This week, the tall foreheads in FI’s re-imagining centre (no, we’re not sure what those people actually do either), bring you a ‘what if ?’
Yeah, yeah, we can hear your harrumphing, it’s not exactly a sparkling news writerly device, but just bear with us.
What if all of a sudden, a generation of kids were to eschew the traditional demands for hockey sweaters and $250 composite sticks in favour of, gasp, cross-country skis ?
What if the next great, iconic Canadian sporting figure weren’t Matt Duchene or Taylor Hall or Pernell Karl Subban (speaking of which, it’s nice that others have seen the light), but a 22-year-old law student from Quebec City ?
We speak of course, of Alex Harvey, son of Pierre, who for anyone aged under 30 out there, was one of this country’s most celebrated amateur cyclists and the first and only Canuck to win a race at the Holmenkollen festival in Norway, the Super Bowl of the cross-country set.
Descending, as we do, from a Norwegian ski ace of some repute, it’s a duty of sorts for French Immersion to draw attention to athletes and a sport that don’t get nearly enough.
While much of Quebec’s attention is turned to hand-wringing over Pierre Gauthier’s inability to land a franchise-altering player at the trade deadline, Wee Alex and his x-country teammates (Devon Kershaw, George Grey and Ivan Babikov chief among them) are threatening to do something very special at this week’s World Championships in Oslo.
They were the most under-reported story of the Vancouver Olympics, and now Harvey and Kershaw will be looking to improve on their 2010 fourth-place finish in Whistler in the team sprint on Wednesday.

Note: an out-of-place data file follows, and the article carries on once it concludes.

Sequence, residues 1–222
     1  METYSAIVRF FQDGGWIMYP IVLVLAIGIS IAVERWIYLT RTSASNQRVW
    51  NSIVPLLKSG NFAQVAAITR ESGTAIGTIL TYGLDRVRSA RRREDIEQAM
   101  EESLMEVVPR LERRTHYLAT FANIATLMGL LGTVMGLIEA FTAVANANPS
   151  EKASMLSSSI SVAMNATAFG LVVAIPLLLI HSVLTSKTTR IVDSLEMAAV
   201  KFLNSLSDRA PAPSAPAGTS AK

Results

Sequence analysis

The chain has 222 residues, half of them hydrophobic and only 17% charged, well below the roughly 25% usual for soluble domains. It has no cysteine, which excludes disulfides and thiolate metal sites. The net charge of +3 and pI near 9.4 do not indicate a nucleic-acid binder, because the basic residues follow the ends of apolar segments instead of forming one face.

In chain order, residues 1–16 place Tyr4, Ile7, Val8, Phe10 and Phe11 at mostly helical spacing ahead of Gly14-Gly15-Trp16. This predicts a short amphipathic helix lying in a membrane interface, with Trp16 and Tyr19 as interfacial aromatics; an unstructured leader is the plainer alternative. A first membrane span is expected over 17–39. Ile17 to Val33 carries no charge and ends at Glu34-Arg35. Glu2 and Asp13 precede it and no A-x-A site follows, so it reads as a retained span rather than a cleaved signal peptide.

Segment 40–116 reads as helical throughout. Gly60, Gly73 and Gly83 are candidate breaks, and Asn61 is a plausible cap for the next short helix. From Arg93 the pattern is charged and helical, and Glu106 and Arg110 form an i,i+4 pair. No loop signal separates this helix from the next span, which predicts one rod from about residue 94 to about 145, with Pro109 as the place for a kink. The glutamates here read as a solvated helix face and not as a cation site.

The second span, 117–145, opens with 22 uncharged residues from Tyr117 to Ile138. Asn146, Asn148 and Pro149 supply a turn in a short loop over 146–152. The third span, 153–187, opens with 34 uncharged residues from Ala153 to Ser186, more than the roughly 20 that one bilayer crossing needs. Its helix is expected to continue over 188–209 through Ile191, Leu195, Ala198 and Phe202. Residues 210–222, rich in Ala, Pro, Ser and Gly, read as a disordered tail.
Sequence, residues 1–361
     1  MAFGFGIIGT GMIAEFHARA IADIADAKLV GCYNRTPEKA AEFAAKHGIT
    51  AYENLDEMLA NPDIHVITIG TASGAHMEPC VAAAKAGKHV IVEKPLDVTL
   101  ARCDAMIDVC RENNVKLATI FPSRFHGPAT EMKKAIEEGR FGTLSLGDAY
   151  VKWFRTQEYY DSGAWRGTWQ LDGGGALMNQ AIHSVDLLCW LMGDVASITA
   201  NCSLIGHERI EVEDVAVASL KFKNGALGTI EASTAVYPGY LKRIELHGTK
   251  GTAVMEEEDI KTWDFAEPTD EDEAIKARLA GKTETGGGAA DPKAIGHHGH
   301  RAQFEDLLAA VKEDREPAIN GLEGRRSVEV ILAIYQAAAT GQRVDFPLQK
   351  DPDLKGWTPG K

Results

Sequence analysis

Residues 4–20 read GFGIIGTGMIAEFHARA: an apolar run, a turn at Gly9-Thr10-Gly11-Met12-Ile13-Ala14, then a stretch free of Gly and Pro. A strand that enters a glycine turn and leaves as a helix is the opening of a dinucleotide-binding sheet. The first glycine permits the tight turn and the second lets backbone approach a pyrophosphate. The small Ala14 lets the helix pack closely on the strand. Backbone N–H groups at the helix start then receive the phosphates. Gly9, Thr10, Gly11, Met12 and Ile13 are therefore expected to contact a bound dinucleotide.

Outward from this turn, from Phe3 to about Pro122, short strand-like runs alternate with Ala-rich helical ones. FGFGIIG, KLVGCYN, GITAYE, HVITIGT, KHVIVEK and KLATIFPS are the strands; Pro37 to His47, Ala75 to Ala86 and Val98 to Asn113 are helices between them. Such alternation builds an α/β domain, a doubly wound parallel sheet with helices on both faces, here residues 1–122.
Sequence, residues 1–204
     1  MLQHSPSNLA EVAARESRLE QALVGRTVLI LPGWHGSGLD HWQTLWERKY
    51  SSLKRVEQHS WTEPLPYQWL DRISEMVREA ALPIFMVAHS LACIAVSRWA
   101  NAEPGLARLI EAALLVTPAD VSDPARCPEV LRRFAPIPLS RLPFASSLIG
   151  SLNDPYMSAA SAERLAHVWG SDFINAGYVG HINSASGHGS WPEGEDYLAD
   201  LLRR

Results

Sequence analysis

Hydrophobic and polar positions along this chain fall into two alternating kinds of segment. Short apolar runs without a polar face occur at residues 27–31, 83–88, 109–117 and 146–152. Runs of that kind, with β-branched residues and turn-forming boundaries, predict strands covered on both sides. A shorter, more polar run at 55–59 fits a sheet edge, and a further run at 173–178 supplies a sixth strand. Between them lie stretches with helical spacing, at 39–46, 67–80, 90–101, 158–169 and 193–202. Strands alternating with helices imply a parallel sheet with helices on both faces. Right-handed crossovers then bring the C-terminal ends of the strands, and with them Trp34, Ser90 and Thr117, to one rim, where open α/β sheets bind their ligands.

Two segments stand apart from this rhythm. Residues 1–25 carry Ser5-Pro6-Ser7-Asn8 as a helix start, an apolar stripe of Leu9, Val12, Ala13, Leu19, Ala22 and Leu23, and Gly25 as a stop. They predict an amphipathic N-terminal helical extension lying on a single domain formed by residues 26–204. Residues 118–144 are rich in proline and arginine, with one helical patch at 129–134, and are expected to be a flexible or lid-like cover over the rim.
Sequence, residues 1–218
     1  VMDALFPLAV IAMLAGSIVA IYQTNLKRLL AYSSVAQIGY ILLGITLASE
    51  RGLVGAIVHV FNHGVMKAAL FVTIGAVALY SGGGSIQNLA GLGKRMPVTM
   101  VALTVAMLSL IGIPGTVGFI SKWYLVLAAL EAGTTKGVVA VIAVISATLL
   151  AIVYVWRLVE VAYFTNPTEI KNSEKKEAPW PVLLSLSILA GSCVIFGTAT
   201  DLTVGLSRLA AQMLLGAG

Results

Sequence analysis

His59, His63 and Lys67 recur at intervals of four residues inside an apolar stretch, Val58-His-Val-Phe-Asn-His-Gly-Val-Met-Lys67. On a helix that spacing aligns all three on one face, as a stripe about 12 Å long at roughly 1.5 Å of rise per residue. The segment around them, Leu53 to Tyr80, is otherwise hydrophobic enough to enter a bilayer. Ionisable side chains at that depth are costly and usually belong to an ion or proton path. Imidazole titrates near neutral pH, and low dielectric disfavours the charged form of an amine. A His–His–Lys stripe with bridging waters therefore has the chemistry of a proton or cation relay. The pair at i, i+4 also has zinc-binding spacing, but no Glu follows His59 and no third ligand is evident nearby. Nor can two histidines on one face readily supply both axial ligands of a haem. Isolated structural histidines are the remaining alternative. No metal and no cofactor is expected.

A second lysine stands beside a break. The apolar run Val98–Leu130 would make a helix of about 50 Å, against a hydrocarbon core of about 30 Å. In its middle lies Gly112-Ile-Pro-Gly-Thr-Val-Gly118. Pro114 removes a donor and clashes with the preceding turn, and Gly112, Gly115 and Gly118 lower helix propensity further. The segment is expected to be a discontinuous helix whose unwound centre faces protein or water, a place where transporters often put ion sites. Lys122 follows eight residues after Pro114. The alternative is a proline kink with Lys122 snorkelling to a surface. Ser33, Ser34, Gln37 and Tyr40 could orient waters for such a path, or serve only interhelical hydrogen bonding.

Kershaw, 28, may be the more decorated skier right now, but Harvey is the comer, and he just about became Canada’s first men’s world champion this past weekend.
In the 30 kilometre pursuit, Harvey opened up a sizable lead on the pack – including fearsome Olympic champion Petter Northug of the host country – and was only his way to gold in front of 50,000 cheering fans when his hip flexors began to cramp (he’d finish 12th, Kershaw 9th).
Let us go on record as denouncing recalcitrant hip muscles everywhere – “damn you all to hell”, as Charlton Heston once said in the days before he went all gun nutty on us.
The point being it was a stirring performance from a kid who’s becoming rather a large deal on faraway Scandie shores.
Earlier this year, he won the world under-23 title – even earning a “well done you” in the buffet line from the legendarily frosty Northug.
Two weeks ago, Harvey the younger stepped onto the second step of a World Cup podium at a race in Norway, a career-best result.
And in the freestyle sprint at the Worlds last week, he was narrowly edged out in the semis after a clash of skis with another racer and finished seventh – if he wasn’t a star before, he is now, as you can see here.
Harvey is instantly recognized if he slips out of his hotel for a quick wander around, typically by fans staking out the joint for a glimpse of Northug or women’s skier Marit Bjoergen.
“It’s like a tailgate party – except that it lasts two weeks. It’s hard to imagine for a Quebecker or a Canadian. For us, cross-country skiing was something grandma did,” Harvey told La Presse’s peerless Simon Drouin a few days ago.
According to our pal Drouin, ski researchers at a national university in Norway (hey, we have the hockey equivalent, don’t we ?) pulled out their calipers and slide-rules, and determined that Harvey is the fastest, most explosive skier in the world.
Did we mention he’s still only 22 ?
So what if Harvey was supported by a machine led by a Ray Lalonde-like marketing guru ? (Lalonde being the Habs’ former image genius, blame him for the pink CH thongs).
He’d be huge, bigger than Koivu, Villeneuve and second only to Céline, that’s what.
It would be nice if it actually happened, which it won’t given the support amateur sports gets, especially in years ending with odd numbers.
So we’ll just have to imagine it.
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